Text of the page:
Also head-turning on the album in the name Steve Cropper. The STAX Records icon accepted an invitation to co-write, and the song "Anything To Help You Say Goodbye" emerged. Kelley says Cropper was a fountain of good lyrical ideas, and he plays his signature Telecaster guitar support on the track.
Appalachian Road Show
You'll commonly hear people say that bluegrass music came from the Appalachian Mountains, but that's not exactly true. The string band mountain sound is more properly referred to as old-time music. And this age-old tradition was one key ingredient in the founding of bluegrass, which is really more an urban music, forged in Nashville and promulgated in factory towns with radio stations around the South. The harder-swinging, harder-driving bluegrass feel certainly earned a deep fan base and appreciation in the mountains though. And Appalachian Road Show seems well positioned to tell that story of birth and returning.
It's a new quintet made of acclaimed veterans, a down-home supergroup. Fiddler Jim VanCleve and banjo player Barry Abernathy were long-time stalwarts of Mountain Heart. Darrell Webb was a busy multi-instrumentalist sideman before leading his own band for a decade. Young star guitarist Zeb Snyder and industry favorite bass player Todd Phillips round out the group. They draw heavily on the bluesy swing of Jimmie Rodgers and the lonesome vocal style of the early bluegrass bands. Yet they're taking a proactive approach to explaining their context and appreciation for Appalachian culture.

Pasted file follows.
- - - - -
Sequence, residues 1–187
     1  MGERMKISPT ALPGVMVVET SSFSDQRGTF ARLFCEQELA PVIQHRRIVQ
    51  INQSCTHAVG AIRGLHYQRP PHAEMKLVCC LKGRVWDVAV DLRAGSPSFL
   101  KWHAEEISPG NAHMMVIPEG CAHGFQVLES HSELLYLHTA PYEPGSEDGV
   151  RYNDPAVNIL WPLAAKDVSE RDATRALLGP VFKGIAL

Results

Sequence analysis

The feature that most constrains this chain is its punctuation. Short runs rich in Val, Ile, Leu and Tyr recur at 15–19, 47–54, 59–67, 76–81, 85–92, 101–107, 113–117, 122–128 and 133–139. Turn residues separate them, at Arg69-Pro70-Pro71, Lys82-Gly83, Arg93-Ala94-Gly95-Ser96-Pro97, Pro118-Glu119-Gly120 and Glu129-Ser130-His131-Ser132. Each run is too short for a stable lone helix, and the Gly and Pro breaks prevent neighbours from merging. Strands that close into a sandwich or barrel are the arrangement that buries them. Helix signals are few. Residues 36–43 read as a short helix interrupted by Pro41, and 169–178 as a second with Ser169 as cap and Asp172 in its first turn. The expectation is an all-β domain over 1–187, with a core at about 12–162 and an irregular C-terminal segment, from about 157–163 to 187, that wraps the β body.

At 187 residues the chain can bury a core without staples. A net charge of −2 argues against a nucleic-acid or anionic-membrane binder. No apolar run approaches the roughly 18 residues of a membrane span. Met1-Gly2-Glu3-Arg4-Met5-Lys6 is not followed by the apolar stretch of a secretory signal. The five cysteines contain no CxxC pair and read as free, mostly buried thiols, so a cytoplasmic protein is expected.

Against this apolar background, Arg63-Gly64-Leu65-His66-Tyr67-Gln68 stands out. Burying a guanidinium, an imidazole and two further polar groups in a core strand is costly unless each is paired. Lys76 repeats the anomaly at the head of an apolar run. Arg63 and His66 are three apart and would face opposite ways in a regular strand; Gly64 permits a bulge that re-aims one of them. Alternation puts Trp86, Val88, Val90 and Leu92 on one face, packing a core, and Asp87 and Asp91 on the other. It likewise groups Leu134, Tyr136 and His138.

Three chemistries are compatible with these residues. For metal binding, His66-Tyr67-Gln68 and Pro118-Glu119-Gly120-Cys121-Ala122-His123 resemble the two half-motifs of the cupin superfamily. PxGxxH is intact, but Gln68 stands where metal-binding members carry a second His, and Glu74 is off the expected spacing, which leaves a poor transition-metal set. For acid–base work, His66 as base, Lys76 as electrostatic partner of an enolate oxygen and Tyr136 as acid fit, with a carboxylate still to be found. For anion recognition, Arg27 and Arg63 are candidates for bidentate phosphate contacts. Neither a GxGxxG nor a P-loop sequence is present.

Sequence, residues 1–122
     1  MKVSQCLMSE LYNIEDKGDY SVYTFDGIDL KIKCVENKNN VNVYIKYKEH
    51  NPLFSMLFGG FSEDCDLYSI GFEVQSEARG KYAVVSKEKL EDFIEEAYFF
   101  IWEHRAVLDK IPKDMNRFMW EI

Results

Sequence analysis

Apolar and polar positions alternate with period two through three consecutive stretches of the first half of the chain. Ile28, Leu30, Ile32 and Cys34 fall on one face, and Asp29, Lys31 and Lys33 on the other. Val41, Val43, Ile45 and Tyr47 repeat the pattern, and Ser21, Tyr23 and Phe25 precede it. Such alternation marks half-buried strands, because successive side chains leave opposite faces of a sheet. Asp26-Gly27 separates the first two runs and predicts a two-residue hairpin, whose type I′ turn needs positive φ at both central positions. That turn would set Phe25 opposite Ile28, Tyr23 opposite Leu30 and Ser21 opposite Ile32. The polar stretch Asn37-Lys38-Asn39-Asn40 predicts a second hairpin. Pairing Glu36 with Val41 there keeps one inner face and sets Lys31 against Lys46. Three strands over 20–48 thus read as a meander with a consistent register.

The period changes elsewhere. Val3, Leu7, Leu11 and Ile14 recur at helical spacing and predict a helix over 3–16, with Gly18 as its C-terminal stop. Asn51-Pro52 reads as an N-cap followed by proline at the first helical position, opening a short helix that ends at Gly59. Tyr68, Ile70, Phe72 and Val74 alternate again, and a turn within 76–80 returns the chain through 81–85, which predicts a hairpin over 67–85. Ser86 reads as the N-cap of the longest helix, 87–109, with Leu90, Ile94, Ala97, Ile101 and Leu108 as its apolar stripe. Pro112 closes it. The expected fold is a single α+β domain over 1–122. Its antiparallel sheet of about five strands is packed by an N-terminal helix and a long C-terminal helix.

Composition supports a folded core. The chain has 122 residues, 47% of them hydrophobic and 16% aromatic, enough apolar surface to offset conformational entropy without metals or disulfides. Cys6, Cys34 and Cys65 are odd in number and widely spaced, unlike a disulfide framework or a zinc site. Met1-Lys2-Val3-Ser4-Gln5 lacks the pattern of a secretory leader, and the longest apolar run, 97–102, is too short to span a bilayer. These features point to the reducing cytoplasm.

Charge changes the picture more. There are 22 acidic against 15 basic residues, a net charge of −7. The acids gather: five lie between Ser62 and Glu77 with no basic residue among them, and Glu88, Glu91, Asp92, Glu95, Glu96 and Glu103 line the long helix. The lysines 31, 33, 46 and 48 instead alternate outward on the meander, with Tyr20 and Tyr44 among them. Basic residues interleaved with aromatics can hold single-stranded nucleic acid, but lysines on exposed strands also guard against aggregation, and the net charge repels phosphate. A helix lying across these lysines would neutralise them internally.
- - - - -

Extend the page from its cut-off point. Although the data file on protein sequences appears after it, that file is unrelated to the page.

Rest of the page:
"My grandmother made her last garden at 86 years old. People still do that where we live," says Abernathy. "I can my own jelly. Raise green beans and can them and all that. A lot of people still live that way. The music side of it was passed down from generation to generation. This is our take on it. We want to capture the spirit of that and still be who we are."
The Dead South
The bluegrass scene is, for many fans, as much about the fringy edges of the music as the core tradition, and one of this year's more buzzed about boundary acts was The Dead South. They're a four-piece from Regina, Saskatchewan whose rousing beer-hall stomp and shades of noir remind some of the Avett Brothers and they've been tagged Mumford and Sons' evil twins by some wags.
At one of their IBMA showcases, the band made a bold presentation in black and white Deadwood-era western wear. The low end came from a cello, not a bass, and banjo player Colton Crawford had a bass drum at the ready to send already propulsive tunes into overdrive. I'm not sure they played a song in anything but minor keys for an hour. They even had some fun little bits like cracking beers in time with the music and some understated dance moves. But then the show's the thing with these guys, as Crawford says, "The records are great, but the true Dead South experience is the live show." And that's carried them all over Europe numerous times, including the mighty Glastonbury Festival.
Though South is in their name, only through their work as a band were they able to see the cradle of roots music for the first time, says lead singer Nate Hilts: "Louisiana in particular was a place I always wanted to visit, because I get into supernatural stuff and they have the voodoo and horror theme. But also history. Those places in my mind were just full of stories. And Alabama, we'd never been until we went to Muscle Shoals to record our album. We have an idea of it in our head when you haven't been, and then you show up, and we just couldn't stop writing."
The album, Sugar & Joy was made by Jimmy Nutt at his converted bank studio the Nutt House, where the Steeldrivers made a Grammy-winning album. I told them they sound like a rock and roll band who got issued acoustic instruments by accident, and they didn't disagree.